Oculoplastic Surgery
Watch Time: 4:42 mins

Raymond Douglas, Hawaiian Eye and Retina 2023: Update on thyroid eye disease

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Published Online: Apr 13th 2023

It was a pleasure to catch up with Dr Raymond Douglas (Cedars-Sinai Medical Center, Los Angeles, CA, USA), who talked us through the latest updates in thyroid eye disease and the reasons it is so often misdiagnosed.


  1.     Could you give us a brief overview of the relationship between hyperthyroidism and thyroid eye disease (TED)? (0:18)
  2.     Why is TED so frequently misdiagnosed? (1:27)
  3.     What are the most important considerations in the differential diagnosis of TED? (3:02)

The presentation entitled, TED talk: Update on thyroid eye disease was presented at the Hawaiian Eye and Retina 2023 meeting, 14–20 January, 2023.

Disclosures: Raymond Douglas has no financial or non-financial relationships or activities to declare in relation to this interview

Support: Interview and filming supported by Touch Medical Media. Interview conducted by Lisa Glass.

Filmed as a highlight of Hawaiian Eye and Retina 2023.

Hi I’m Dr. Raymond Douglas, and I am an oculaplastic and orbital surgeon practicing here in Los Angeles, California, and specializing in thyroid disease.

Could you give us a brief overview of the relationship between hyperthyroidism and thyroid eye disease (TED)?

So overall hypothyroidism is caused by the body’s autoimmune attack on the thyroid and the body attacks 2 receptors in Graves’ disease and thyroid disease. The receptor is the thyroid atropine receptor and that’s what causes hypothyroidism. So the body attacks and constantly turns that receptor on and then that causes the thyroid hormone levels to rise and what’s called hypothyroidism, well, the other receptor is the IGF 1 receptor and that one’s the receptor that is associated with thyroid disease, the immune system attacks both, but the IGF 1 receptors primarily around the eyes. And so that’s why you see the eyes symptom changes and signs of thyroid eye disease occur around the eyes because that’s where that receptor is located. So they’re very much interrelated based upon how the immune system attacks these 2 receptors in this autoimmune disease.

Why is TED so frequently misdiagnosed?

TED is a very hard thing to diagnose because it can present in so many different ways. So many patients will come in and they’ll just have some red eyes and they don’t really know why it’s occurring, but it’s red eyes and some puffiness and it might look very much like allergy. And they’ll come to their primary care often. And it’s not the first thing you think of when you have red and puffy eyes is, oh, I have thyroid disease. It’s usually well, it’s probably something common, it’s probably allergies, it’s probably something that, you know, sleep related or et cetera. And then what happens is that you can get drops and it’ll make it a little bit better, but then it kind of comes back and then gets sent off to a different specialist to think about it and to, you know, to go and go from there. But want it. But so many times in those early warning signs of, you know, even pain and pressure behind the eyes, the appearance of the eyelids, the swelling, the injection can look like so many other things that it gets lost and people don’t think of thyroid disease as a cause. So one of the great campaigns is really just thinking of this a little earlier. Should we be thinking of thyroid disease and run some simple tests to determine, well, maybe this is thyroid disease and not just an allergy? So it’s really important sometimes for patients to even propose, well, could this be anything else? Could this be something that’s associated more with the systemic problem than just, you know, allergy, etc.?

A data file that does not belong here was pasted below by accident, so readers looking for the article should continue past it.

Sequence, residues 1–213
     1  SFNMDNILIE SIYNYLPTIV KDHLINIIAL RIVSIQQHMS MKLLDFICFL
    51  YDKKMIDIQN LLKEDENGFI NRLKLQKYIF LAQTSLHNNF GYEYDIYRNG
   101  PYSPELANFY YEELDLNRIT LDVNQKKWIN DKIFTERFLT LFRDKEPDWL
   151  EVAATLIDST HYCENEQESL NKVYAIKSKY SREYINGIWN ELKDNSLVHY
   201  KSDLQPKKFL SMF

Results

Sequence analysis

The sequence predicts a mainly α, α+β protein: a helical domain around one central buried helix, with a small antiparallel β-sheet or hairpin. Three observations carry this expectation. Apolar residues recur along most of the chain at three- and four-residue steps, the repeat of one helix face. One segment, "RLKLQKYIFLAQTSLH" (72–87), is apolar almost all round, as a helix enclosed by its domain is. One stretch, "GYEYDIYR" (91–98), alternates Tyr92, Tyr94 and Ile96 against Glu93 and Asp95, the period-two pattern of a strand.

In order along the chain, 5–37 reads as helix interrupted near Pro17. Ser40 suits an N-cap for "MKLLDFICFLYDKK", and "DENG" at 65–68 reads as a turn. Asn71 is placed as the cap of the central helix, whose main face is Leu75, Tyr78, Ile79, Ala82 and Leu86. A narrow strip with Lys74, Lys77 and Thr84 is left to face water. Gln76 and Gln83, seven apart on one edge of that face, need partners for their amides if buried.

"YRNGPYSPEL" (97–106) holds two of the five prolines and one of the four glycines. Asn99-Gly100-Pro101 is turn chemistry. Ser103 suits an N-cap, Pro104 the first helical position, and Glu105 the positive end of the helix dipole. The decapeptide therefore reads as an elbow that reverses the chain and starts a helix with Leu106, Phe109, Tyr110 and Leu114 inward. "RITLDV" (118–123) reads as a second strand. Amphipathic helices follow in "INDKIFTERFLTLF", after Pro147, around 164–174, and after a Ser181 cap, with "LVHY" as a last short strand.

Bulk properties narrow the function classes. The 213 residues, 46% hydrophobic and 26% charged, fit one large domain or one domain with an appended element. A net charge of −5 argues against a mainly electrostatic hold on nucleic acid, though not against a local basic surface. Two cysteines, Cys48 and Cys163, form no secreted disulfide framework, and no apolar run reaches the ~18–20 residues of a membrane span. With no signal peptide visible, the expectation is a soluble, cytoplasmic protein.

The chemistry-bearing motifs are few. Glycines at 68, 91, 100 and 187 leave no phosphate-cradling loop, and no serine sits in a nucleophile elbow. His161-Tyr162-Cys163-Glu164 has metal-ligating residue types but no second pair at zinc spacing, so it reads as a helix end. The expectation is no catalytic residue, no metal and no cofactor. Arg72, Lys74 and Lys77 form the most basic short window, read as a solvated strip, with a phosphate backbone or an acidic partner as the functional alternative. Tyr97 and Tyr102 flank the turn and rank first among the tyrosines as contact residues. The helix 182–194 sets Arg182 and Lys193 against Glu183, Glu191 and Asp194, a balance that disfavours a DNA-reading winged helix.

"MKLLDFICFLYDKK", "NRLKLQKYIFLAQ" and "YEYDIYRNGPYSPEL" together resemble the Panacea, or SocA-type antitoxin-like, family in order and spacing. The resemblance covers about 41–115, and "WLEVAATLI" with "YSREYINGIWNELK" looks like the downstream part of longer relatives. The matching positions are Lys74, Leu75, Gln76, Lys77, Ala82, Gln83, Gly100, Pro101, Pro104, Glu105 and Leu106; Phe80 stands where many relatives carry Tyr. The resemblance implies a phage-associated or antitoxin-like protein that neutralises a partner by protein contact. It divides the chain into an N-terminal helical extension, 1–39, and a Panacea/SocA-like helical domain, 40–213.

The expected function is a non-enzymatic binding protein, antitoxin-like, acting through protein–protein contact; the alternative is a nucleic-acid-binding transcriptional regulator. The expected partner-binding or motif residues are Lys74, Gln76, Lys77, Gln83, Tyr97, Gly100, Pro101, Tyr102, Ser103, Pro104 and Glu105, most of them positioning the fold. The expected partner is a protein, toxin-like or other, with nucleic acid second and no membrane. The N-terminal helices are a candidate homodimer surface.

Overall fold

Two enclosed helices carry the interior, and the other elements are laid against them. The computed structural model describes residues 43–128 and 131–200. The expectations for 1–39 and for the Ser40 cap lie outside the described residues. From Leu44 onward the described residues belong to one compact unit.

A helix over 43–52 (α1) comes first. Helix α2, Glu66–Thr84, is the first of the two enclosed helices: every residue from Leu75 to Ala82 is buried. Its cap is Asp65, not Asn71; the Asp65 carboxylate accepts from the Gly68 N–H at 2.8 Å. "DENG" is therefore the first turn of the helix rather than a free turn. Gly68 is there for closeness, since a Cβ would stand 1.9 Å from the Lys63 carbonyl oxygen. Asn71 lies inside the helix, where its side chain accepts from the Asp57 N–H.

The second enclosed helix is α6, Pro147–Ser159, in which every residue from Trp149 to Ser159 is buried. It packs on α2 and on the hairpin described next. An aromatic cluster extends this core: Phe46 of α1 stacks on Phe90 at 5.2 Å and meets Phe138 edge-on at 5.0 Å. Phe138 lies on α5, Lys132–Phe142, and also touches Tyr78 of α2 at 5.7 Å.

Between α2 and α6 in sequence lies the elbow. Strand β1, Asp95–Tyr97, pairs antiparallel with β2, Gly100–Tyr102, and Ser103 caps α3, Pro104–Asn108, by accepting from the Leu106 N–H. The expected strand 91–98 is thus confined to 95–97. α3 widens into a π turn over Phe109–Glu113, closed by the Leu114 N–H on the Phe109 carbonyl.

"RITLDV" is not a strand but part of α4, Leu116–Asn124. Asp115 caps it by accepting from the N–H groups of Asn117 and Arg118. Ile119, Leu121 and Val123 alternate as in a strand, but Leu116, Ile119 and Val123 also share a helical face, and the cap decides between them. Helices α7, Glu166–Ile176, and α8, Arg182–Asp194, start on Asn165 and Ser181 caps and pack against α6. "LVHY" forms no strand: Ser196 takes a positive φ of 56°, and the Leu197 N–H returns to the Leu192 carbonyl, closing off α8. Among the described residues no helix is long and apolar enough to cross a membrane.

What are the most important considerations in the differential diagnosis of TED?

TED, when you begin to see some of the changes that occur in the eyes, it depends on which changes that are occurring. So if you have redness and swelling, then you want to think of other things that cause inflammation. Well, could this be allergy? Could it be some other type of inflammatory process that causes these types of things and that, you know, in general, medical doctor or an endocrinologist can help to eliminate in other forms of thyroid disease, sometimes just eye bulging or double vision that occurs. And that can be due to a variety of other things that could be due to a tumor from behind the eyes that is pushing the eyes forward or double vision can be due to some type of a nerve dysfunction or how the eyes move together. And that can be sometimes caused by inflammation and infection or sometimes even tumors. So the most important thing is to see an ophthalmologist, and it depends upon what signs you’re seeing initially. But a lot of times what’s required is a good eye exam to make sure that there is not anything else going on. And sometimes a CT scan is to make sure that this is really due to thyroid eye disease in the CT scan or MRI will very definitively rule out any type of cancer and kind of rule in or point to thyroid disease. So those tests can be very important in leading through this differential diagnosis and heterogeneous disease.

Subtitles and transcript were auto-generated.

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